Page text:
[Paragraph breaks and emphases are mine.]
Clear Truth for the Sake of Strong Affections
While it is true that mind and heart are mutually enlivening, it is also clear that the mind is mainly the servant of the heart. That is, the mind serves to know the truth that fuels the fires of the heart.
The apex of glorifying God is enjoying him with the heart. But this is an empty emotionalism where that joy is not awakened and sustained by true views of God for who he really is.
That is mainly what the mind is for.
~ page 36
The Benefits of Deferred Gratification
Learning the skill and practicing it was not fun. The joy is on the other side of the hard work. This is basic to all growing up.
Part of maturity is the principle of deferred gratification. If you cannot embrace the pain of learning but must have instant gratification, you forfeit the greatest rewards of life.
So it is with reading the Bible. The greater riches are for those who will work hard to understand all that is really there.
~ page 47
What does faith receive?
You don’t have to be born again to love being guilt-free and pain-free and disease-free and safe and wealthy. All natural men without any spiritual life love these things.
But to embrace Jesus as your supreme treasure requires a new nature. No one does this naturally. You must be born again.
...We have seen that saving faith is not the mere receiving of facts. It is the receiving of Christ as the one who died for us and rose again, and is infinitely glorious, and wondrously beautiful, and supremely valuable.
~ pages 72-73
Turning to the First Commandment
Jesus said that we should love God with all our mind (Matt. 22:37). Some have treated this as if it means “think hard and think accurately, and that act of thinking is loving God.”
But I doubt that.
I will suggest that loving God with the mind means that our thinking is wholly engaged to do all it can to awaken and express the heartfelt fullness of treasuring God above all things.
…We can’t love God without knowing God.
And Jesus is the fullest revelation of God. If we know him truly, we know God. And the Bible is our only reliable access to knowing Jesus truly.
Therefore, we see again the vital place of reading—that is thinking—in knowing and loving God.
~ page 80
Loving God is not a mere decision.
You cannot merely decide to love classical music—or country western music—much less God. The music must become compelling. Something must change inside of you. That change makes possible the awakening of a compelling sense of its attractiveness.
So it is with God. You do not merely decide to love him. Something changes inside of you, and as a result he becomes compellingly attractive.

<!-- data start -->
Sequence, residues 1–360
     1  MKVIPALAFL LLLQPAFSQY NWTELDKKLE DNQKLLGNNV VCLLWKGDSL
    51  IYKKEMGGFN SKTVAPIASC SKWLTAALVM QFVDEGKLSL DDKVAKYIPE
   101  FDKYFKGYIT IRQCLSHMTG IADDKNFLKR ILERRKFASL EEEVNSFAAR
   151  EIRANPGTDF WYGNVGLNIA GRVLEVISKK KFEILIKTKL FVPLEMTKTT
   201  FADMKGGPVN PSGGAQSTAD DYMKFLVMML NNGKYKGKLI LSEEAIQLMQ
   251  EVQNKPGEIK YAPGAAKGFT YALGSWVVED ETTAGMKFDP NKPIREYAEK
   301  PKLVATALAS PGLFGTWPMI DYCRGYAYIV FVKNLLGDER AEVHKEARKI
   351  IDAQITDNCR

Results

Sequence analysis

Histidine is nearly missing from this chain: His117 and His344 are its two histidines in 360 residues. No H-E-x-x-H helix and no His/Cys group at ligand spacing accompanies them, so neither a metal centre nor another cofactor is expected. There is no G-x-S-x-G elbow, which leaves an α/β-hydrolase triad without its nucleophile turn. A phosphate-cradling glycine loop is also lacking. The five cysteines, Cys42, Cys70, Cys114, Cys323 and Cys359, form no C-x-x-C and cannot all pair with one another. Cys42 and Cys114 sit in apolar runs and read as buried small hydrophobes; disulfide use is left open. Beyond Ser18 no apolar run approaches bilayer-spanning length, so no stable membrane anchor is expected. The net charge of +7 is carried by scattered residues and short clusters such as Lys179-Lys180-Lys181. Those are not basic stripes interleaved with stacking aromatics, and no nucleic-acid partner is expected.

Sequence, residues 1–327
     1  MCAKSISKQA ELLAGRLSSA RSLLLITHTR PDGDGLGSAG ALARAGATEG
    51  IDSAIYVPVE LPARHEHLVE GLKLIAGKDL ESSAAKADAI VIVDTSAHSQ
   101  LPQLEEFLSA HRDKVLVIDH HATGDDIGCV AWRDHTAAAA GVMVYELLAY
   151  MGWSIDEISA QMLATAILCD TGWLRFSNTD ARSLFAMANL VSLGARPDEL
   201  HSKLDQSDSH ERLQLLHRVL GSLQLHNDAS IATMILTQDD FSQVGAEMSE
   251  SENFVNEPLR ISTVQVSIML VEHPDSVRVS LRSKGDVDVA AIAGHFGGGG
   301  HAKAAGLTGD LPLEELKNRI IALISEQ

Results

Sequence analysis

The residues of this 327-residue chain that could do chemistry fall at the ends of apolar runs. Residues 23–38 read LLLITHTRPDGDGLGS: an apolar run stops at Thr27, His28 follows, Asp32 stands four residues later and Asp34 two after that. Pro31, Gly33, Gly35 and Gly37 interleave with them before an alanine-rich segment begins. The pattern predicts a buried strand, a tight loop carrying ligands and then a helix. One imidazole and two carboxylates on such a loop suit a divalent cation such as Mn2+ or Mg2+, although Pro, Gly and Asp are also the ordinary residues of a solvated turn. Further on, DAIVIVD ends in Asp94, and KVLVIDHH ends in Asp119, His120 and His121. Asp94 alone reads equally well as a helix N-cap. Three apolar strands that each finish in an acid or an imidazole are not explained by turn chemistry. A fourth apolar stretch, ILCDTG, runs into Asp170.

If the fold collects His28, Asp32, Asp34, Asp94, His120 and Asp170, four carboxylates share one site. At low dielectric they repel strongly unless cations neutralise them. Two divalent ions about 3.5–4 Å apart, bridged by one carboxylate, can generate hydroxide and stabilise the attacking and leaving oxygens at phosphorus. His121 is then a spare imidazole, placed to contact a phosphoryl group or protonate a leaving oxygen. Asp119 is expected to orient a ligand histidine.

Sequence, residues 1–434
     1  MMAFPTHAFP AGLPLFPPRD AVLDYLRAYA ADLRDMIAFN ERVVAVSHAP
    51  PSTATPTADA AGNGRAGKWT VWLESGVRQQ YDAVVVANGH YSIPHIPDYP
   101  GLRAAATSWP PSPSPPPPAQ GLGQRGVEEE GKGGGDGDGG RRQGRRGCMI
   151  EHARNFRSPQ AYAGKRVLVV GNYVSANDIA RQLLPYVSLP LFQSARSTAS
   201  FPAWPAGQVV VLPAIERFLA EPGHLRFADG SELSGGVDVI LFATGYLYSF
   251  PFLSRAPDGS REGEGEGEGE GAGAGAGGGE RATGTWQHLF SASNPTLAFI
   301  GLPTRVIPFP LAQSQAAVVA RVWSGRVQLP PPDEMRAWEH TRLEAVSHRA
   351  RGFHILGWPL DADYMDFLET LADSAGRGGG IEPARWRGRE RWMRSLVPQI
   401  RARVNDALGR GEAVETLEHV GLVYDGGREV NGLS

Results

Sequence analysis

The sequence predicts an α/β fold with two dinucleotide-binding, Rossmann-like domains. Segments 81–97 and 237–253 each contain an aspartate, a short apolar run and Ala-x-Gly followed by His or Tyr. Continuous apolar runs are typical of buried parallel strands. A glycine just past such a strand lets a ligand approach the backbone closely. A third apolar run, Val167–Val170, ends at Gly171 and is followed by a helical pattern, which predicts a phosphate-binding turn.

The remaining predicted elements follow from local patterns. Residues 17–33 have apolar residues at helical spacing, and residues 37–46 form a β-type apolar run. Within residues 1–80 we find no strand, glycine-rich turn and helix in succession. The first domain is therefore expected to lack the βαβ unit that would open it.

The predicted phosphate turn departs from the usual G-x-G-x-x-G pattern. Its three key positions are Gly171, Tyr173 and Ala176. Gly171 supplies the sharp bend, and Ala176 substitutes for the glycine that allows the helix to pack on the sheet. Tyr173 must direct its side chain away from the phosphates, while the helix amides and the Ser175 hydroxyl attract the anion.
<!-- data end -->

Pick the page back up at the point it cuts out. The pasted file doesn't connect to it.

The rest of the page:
His glory—his beauty—compels your admiration and delight. He becomes your supreme treasure. You love him.
~ page 87
God’s Wisdom versus Man’s Wisdom
…what offends human wisdom about the cross is that it humbles man and exalts the unearnable grace of God. It makes humans look dependent and helpless—like little children---and makes God look all-sufficient and all-providing and absolutely free in giving salvation to sinners.
…there is no true knowledge of God and no salvation apart from childlike dependence on the grace of God in Christ crucified.
If we are not willing to see ourselves as helpless, ungodly sinners and cast ourselves for mercy on the grace of God in Christ, we will not know God or be saved by him.
~ pages 147-148
What’s Wrong with Trying to Be Righteous?
But Paul says when you live this way—when you labor to show yourself righteous so that God will accept you—you are not submitting to God’s righteousness; you are in rebellion against God.
Why? Because God’s righteousness is a gift of free and sovereign grace, not a merited attainment by human effort—or even a Spirit-wrought performance of relative success in godliness (sanctification).
And since it is always and entirely a free gift, submission to it means receiving righteousness as a gift.
~ page 163
What Do We Study?
...God has two books: the Word and the world.
...The Bible is inspired and authoritative. The world is not.
But this doesn’t mean that all we focus on is the Bible. The Bible gives the decisive meaning of all things. But the Bible itself sends us over and over again to the world for learning. Consider the lilies; consider the birds (Matt. 6:26, 28).
...In fact, think about the way the prophets and apostles and Jesus himself used language. They used analogies and figures and metaphors and similes and illustrations and parables.
...In other words, the Bible both commands and assures that we will know the world and not just the Word.
We will study the general book of God called nature and history and culture. And we will study the special book of God called the Bible.
And the reason is that God has revealed his glory in both—and means for us to see him in both.
~ page 190, Appendix 1
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Have you read Think? If not, I encourage you to!